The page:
Exclusive Interview with the Butcher Babies

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Remember the old saying “You can’t judge a book by its cover?” Now keep reading. Maine Music News had everyone from Butcher Babies for our interview backstage at the Rockstar Energy Drink Mayhem Festival July 17th. This band is doing something right. How do we know? Well, they have been the center of controversy while being embraced by fans for their message and their music. It must be their hard work ethic and their intelligent conversation – critics hate that, but fans get it.

Here is a cheat sheet to keep everyone straight:

Heidi Shepherd- VOX
Carla Harvey- VOX
Henry Flury- GUITAR
Jason Klein- BASS
Chris Warner- DRUMS

MMN – For our readers that are just learning about Butcher Babies, please tell us a little bit about yourselves as there is more to Butcher Babies than what meets the eye.

CH – We are a metal band out of Los Angeles with two female lead singers and three pretty rad guys in the back.

CW – We all are music lovers, just as any other band is. We all started the project because we all want to play music. We were all friends before. This is what we are doing together, and we are very blessed to be on the Rockstar Energy Drink Mayhem Festival this year.


MMN – Your debut album Goliath was just released last week. How is that being received?

CH – It has had an amazing reception. We just found out today that it hit number 1 for the new artists Heatseeker chart and debuted at 107 on the Billboard charts so that is pretty rad. We sold a lot in the first week of its release. Even more so than that, we are proud of it. We spent six weeks in pre-production and recording to make an album that gives us goose bumps every time we hear it. We all come from different musical backgrounds. I love old school stuff like Slayer, old Metallica, I love Pantera. Chris here, loves Marilyn Manson. Heidi, my co-vocalist loves nu-metal. Henry, our guitar player, loves Meshuggah, and Jason, our bass player, loves death metal. So we managed to put all the different kinds of metal that we love into this album. It is so organic, and it sounds so good. We are getting tweets and Facebook messages all day long from our fans telling us how great it is. So besides what the critics say, what matters most, is that we are proud of it and our fans are loving it.


MMN – One of the things that we noticed is that you are not just a couple of pretty faces. You have a great vocal ability to move from the metal vocals to really singing. You have a really nice voice. However, what was the importance to sing in a metal band?

CH – Thank you. I grew up in Detroit. I was a half-black kid growing up in Detroit. I lived in a neighborhood where it was frowned upon for liking metal and rock and roll. I had to really stay true to what I believed in and what I wanted to represent. I have never changed, I have always loved metal. So when I started playing in a band, I always played rock, always played heavy metal. That is just how I am and what I love. Sure, maybe Heidi and I could have a pop band and maybe we could be rich and famous already, however, we are metal kids. We love metal, and that is what we want to do.


MMN – Can you talk a little bit about where you get your lyrical inspirations? Is there a story or a message that you are trying to tell on Goliath?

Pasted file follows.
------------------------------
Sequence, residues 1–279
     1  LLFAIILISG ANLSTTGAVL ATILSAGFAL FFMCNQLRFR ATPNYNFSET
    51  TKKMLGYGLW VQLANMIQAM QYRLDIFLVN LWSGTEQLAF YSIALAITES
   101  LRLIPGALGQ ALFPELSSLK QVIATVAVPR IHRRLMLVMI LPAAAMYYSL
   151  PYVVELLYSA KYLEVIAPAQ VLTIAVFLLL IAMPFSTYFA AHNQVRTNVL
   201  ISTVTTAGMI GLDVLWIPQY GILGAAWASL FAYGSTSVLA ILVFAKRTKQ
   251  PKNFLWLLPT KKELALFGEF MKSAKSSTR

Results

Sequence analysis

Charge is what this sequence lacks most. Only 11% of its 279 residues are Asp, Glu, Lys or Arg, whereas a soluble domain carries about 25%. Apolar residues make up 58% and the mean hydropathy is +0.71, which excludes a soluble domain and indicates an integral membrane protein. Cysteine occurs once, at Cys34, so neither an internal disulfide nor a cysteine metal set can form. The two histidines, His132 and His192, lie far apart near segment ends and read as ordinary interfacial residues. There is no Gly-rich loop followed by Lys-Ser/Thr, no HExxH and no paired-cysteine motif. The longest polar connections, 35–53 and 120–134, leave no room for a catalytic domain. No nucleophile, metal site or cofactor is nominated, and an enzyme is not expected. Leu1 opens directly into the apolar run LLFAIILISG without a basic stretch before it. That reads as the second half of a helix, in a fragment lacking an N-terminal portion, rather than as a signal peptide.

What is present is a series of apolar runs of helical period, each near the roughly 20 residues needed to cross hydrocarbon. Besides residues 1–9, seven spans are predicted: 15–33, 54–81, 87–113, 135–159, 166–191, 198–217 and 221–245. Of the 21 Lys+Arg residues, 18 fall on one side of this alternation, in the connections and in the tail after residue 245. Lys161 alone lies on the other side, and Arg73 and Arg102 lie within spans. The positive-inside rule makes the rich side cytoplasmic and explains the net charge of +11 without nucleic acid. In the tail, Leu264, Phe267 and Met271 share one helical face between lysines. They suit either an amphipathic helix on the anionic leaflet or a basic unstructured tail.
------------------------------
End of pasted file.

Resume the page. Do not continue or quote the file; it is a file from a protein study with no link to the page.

CH – Goliath is basically a concept album based on the breakdown in the American family, the breakdown in society. We all have had our Goliath that we have battled in our lives. During the process of battling your Goliath you have to make sure you don’t become Goliath yourself in return and hurt others. We all have had an opportunity to become Goliath, and we have taken a different path. Maybe we have gotten out our anger or whatever we felt through our music instead.

The first song on the album, “I Smell a Massacre,” Heidi and I wrote after the Sandy Hook incident as a response to it and a response to other incidents like that. It is a wakeup call to parents. They blame a lot of what happens in society on gun control and stuff like that where really that kind of thing starts in the home. Parents should be the first ones to notice when there is something going on with their child. If you don’t notice that your kid is turning into a psychopath then you are not spending enough time with your child, and you are not paying enough attention. People need to open their eyes. It is hard these days due to the mass number of broken homes. People are working two and three jobs to support their families, and they don’t have the time to pay attention to their children. That has to change. We have to start paying attention to what is going on in our own homes.

Some of the other songs on the album are about denials about our relationships. “Grim Sleeper” is about a serial killer. Heidi and I have been fascinated by serial killers. That song is really cool because the Grim Sleeper was a serial killer from Los Angeles and was unique due to being African-American. Usually serial killers are crazy white guys. We wrote that song from two perspectives – one from the killer and the other from the victim. There are two different parts, and you can hear it when Heidi and I are singing it together, especially in the bridge where there is a battle between these two individuals. It is pretty unique.

We write about the things that scare us, whether they are external or internal. We all come from different places in the States. We have different backgrounds, and we have all had to fight a lot of demons. Our album is honest, and we let everything out on it.


MMN – You have this very powerful message. Are the fans getting your message?